Paranoia

Paranoia

Definition

Paranoia is a psychotic disorder characterized by systematized delusions, especially of persecution or grandeur, in the absence of other personality disorders. It is a state of mind in which a person believes that others are trying to harm them. Paranoia is distinct from phobias, which also involve irrational fear, but usually no blame. Making false accusations and the general distrust of others also frequently accompany paranoia.

Paranoia has three main features:

  • Intense fear or worry that something bad will take place
  • Feeling that other individuals or causes outside the person are to blame
  • Exaggerated beliefs or beliefs that have no support

Paranoia is a central symptom of psychosis. It is also a matter of personal tolerance for the individual that might be in conflict with psychiatric diagnoses. Paranoid people sometimes have an increased sense of self-importance, believing that many others are taking notice of them when it is not true.

Mild paranoid thoughts are quite common in the general population and tend to recover naturally. Long-term paranoia can be a symptom of a mental disorder or be caused by recreational drug abuse, dementia or other medical conditions that affect the brain.

 

Causes, Sign and Symptoms of Paranoia

The cause of paranoia is unclear but is likely to be brought about by major life events that cause a sudden increase in stress. Psychiatric conditions and mood disorders such as anxiety, depression and phobias can also trigger paranoia.

Paranoia is a symptom of several different types of mental disorders, including:

  • Schizophrenia
  • Schizoaffective disorder
  • Anxiety disorders (i.e., phobias and generalized anxiety disorder)
  • Depression
  • Paranoid personality disorder
  • Delusional disorder

Other causes of paranoia include:

  • Recreational drug use: Cannabis and amphetamine abuse often causes paranoid thoughts and may trigger an episode of psychosis. Other drugs such as alcohol, cocaine and ecstasy can also cause paranoia during intoxication or withdrawals.
  • Neurological disease: Diseases such as dementia (including Alzheimer’s disease), Huntington’s disease, Parkinson’s disease or brain injury can cause paranoia.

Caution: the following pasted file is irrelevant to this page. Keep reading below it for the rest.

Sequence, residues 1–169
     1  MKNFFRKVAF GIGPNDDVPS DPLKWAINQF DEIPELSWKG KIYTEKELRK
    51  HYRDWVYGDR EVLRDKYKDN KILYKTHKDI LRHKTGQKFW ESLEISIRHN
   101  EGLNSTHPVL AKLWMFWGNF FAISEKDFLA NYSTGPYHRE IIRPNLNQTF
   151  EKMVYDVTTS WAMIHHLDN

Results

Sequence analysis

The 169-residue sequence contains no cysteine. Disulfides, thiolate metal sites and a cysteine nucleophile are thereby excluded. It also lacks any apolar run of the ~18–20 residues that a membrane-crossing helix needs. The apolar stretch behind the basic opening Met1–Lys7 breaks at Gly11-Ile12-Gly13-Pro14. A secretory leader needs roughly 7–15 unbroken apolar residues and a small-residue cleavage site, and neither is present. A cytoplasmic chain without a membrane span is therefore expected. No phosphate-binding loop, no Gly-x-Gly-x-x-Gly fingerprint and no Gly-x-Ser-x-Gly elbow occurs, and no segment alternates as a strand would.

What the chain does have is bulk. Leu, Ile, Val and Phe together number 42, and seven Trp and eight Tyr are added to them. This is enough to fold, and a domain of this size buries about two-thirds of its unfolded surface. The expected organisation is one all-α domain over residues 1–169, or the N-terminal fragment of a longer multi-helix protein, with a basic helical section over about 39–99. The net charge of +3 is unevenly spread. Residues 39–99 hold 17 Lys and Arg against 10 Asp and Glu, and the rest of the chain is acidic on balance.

• Severe trauma and stress: Some studies have found that paranoia is more common in people who have experienced severe and ongoing stress. This may include abuse in childhood, domestic violence, racial persecution or living in isolation.

A popular symptom of paranoia is the attribution bias. These individuals typically have a biased perception of the reality often exhibiting more hostile beliefs. A paranoid person may view someone else’s accidental behavior as though it is with intent or threatening.

People who experience paranoia may exhibit the following symptoms:

  • Inability to trust others
  • Being easily offended
  • Trouble forgiving others
  • Intense fear of being taken advantage of
  • Inability to handle criticism
  • Hostile, aggressive, or argumentative behavior
  • Unwilling to compromise
  • Being overly suspicious
  • Viewing the world as a dangerous place in which they are under constant threat
  • Belief in ‘conspiracy theories,’ which lack evidence or support
  • Feelings of persecution

Most commonly paranoid individuals tend to be of a single status. According to some research there is a hierarchy for paranoia. The least common types of paranoia at the very top of the hierarchy would be those involving more serious threats. Social anxiety is at the bottom of this hierarchy as the most frequently exhibited level of paranoia.

 

Diagnosis and Treatment of Paranoia

Sometimes paranoia is diagnosed as part of other mental health conditions. Lifestyle changes that are recommended include regular exercise, sleeping well and taking measures to reduce stress. Avoidance of certain drugs and alcohol can also help reduce paranoia as these can trigger paranoia.

Treatment for paranoia depends on the underlying cause and may include treatment with psychological therapy or medication. Stopping the use of alcohol or recreational drugs can be the first step and may solve the problem altogether.

Psychotherapy (including cognitive behaviour therapy) can be helpful for mild cases of paranoia or paranoid personality disorder. This can help a person to develop insight into the condition, cope with symptoms of paranoia and develop a more realistic view of the motives of others.

 

Reference:

  1. dictionary.com
  2. study.com
  3. mindhealthconnect.org.au
  4. news-medical.net
  5. wikipedia